The format of the programme is that the subject picks poems or passages from books which they enjoy, or which have been important to them – a bit like ‘Desert Island Discs’, but with literature instead of music. The chosen passages are introduced by the subject – Terry, in this case, and read/performed by actors. (Unfortunately, as I have a poor memory for names, I can only remember that one of them was Helen Atkinson-Wood –I can’t remember the other two)

As this was a recording for a radio programme, it started with the producer (A very pleasant lady who reminded me of the nicer kind of school teacher) came out to explain what would happen, to remind us to turn of all mobile phones, (both because of the recording, and also, as she pointed out, because if your phone goes off everyone will look at you and you’ll feel like a pillock!) and also that we were asked not to leave immediately at the end in case any re-takes were needed. After a moment to practice “Rapturous Applause”, Terry and the actors came on.

After a brief pause caused by Terry having left his script backstage, in all the excitement, and some genuinely rapturous applause caused by, y’know, rapturous PTerry fans, we were off.

Terry introduced each piece – we started off with a reading from “The Specialist” by Charles Sale (the titular character being a specialist in building privies..) and ended up with Charles Darwin, going via the Bible, The Hitchhikers Guide to the Galaxy, Sir George Caley and Roy Lewis and many others. Terry had lots of lovely little stories – for instance, in introducing the reading from Michael Ayrton’s The Maze Maker (A book I had never previously heard of, which is a novel written as an autobiography of Daedalus) Terry talked about being a ‘one-time bee-keeper’, and having been inspired by the book to take silver-smithing classes and make a honeycomb and bees..

There was a wonderful reading about the Victorian Post Office, which Terry came across in researching for Going Postal - sadly I didn’t catch the title, so have not been able to track this one down.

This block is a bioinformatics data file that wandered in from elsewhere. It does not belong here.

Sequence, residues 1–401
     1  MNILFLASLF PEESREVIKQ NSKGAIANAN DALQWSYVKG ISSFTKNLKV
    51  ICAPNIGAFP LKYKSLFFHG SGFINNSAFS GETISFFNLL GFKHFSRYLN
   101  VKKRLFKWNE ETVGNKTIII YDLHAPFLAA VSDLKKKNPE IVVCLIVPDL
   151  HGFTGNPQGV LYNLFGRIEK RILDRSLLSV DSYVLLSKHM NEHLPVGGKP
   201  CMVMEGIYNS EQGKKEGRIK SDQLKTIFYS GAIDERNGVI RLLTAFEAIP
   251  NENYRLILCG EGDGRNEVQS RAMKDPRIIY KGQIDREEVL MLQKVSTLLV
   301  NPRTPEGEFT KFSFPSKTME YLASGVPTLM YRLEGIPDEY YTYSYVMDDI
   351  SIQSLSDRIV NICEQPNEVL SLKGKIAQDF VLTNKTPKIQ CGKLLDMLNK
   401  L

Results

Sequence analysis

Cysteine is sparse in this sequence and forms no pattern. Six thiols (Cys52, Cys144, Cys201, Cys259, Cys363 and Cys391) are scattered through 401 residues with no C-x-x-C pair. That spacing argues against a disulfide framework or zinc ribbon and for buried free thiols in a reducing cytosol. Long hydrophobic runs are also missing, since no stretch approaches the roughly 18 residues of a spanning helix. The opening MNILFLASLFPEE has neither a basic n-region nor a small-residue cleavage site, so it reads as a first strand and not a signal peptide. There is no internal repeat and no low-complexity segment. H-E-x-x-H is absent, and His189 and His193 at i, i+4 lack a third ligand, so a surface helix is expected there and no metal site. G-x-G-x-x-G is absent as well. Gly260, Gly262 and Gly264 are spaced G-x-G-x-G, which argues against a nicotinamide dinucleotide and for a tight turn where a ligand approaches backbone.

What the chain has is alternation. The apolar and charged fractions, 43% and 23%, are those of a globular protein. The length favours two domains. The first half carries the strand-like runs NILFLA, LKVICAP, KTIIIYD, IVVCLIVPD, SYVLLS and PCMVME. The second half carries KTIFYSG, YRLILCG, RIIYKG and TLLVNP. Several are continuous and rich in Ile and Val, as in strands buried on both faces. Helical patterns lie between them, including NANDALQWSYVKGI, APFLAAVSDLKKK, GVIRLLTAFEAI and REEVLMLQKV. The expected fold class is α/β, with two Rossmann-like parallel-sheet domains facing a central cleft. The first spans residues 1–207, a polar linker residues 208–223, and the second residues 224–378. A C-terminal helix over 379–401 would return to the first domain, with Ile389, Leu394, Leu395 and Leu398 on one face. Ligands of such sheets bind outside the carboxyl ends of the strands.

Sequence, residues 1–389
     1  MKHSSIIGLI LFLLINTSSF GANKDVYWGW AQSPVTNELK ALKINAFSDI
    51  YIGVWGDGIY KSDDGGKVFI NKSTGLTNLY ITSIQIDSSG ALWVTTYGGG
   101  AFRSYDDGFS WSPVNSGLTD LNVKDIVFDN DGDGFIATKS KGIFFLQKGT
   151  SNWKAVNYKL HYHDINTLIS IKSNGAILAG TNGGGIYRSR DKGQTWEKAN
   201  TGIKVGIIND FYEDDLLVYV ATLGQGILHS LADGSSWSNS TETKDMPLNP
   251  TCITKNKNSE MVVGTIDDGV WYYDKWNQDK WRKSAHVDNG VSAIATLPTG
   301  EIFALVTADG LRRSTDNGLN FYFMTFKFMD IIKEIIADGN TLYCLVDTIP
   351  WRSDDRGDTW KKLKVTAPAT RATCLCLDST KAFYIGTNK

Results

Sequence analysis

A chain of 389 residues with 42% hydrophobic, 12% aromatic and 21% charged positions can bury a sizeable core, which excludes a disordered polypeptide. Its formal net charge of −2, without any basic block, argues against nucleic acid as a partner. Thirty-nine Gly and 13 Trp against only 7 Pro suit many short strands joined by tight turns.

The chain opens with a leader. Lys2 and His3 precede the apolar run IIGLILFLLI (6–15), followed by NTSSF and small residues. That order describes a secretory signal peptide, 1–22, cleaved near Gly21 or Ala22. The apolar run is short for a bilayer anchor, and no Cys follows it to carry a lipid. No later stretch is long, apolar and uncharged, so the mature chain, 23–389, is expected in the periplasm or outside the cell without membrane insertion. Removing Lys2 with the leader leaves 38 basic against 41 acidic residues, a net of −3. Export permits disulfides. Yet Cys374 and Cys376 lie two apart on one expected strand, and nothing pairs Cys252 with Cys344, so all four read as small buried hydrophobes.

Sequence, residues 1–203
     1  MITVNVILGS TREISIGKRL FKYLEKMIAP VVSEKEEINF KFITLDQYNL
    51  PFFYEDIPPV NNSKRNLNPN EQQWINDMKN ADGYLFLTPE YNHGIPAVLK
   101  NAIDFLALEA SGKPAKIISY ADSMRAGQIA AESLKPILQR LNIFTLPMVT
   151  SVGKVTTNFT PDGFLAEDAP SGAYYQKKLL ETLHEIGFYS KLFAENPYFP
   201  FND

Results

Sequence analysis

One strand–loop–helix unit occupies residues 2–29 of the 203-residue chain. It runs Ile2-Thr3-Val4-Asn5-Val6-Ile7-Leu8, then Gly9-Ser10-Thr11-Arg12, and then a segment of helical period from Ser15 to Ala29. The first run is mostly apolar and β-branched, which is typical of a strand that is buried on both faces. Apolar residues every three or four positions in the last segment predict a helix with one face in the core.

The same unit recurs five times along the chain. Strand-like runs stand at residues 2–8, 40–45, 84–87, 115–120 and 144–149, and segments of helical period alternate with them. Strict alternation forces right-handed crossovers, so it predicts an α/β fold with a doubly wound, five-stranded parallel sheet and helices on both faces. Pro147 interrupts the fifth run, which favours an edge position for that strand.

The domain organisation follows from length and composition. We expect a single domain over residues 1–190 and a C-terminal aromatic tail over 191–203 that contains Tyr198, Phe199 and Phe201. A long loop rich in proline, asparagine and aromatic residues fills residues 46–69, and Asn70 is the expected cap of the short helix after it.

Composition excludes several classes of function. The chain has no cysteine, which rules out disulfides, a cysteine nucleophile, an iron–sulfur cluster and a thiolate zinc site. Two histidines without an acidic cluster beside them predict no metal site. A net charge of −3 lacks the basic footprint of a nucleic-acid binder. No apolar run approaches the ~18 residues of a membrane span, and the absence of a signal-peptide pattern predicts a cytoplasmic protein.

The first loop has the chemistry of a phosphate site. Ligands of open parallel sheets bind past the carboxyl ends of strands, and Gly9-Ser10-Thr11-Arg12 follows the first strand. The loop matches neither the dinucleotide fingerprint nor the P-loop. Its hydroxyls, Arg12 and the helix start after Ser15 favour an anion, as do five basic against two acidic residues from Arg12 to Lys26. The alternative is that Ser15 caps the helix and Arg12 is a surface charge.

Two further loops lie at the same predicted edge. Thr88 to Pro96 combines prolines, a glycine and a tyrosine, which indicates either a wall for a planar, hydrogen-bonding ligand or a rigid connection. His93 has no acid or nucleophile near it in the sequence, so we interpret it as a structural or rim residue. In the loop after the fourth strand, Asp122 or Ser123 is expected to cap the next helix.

We also learned that Leonardo da Vinci, while being (Terry granted) “a dab hand with a paintbrush” was (and I quote) “Pants” when it comes to Aircraft…

Terry had picked one reading from the Bible (Job), but made it clear he is not a believer (or as he put it, “I think the only thing likely to strike me on the Damascene road would be friendly fire..)

Terry also talked about his love of poisons, and the unfortunate Victorian ladies dying of arsenical poisoning as a result of the dye in their ballgowns.

After the main part of the programme ended there were a very small number of re-takes (from which it became clear that Terry was speaking from notes, not a formal script, as it was slightly different each time.

After this, as it was BBC Children in Need night, Terry had donated a signed, limited edition copy of
Nation which was auctioned for the charity, raising £750.

Terry then waited to sign anything anyone wanted signing, which was an unexpected bonus, so far as I was concerned. I hadn’t brought any of his books with me as I had not expected him to be signing, but I did wait to get my ticket signed, mainly for the opportunity to say hello, and tell him how much I had enjoyed the evening.

The entire recording lasted for just under two hours. Given that the programme usually lasts for 30 minutes, and I would imagine that even if this one, being the Christmas special, is longer, it will be edited fairly severely, so I guess some of the readings won’t make it to the final cut.

My evening ended with another couple of queues, this time for the payment machines, and then the exit, to the carpark. Chatting to some of my fellow queue-ers we agreed that this was a less exciting queue that the earlier one!

The readings (as far as I can remember them) were extracts from:

The Maze Maker - Michael Ayrton
“Stocks & Stones” -John Buchan
The Specialist -Charles Sale
The Evolution Man -Roy Lewis
The Book of Job (Chapter 9)
On Aerial Navigation - Sir George Caley
Epilogue to The Origin of Species- Charles Darwin
The HitchHikers Guide to the Galaxy - Douglas Adams
The Napoleon of Notting Hill
- G.K. Chesterton
Household Noises - Paul Jennings

Also readings from Mark Twain and P.J. O’Rourke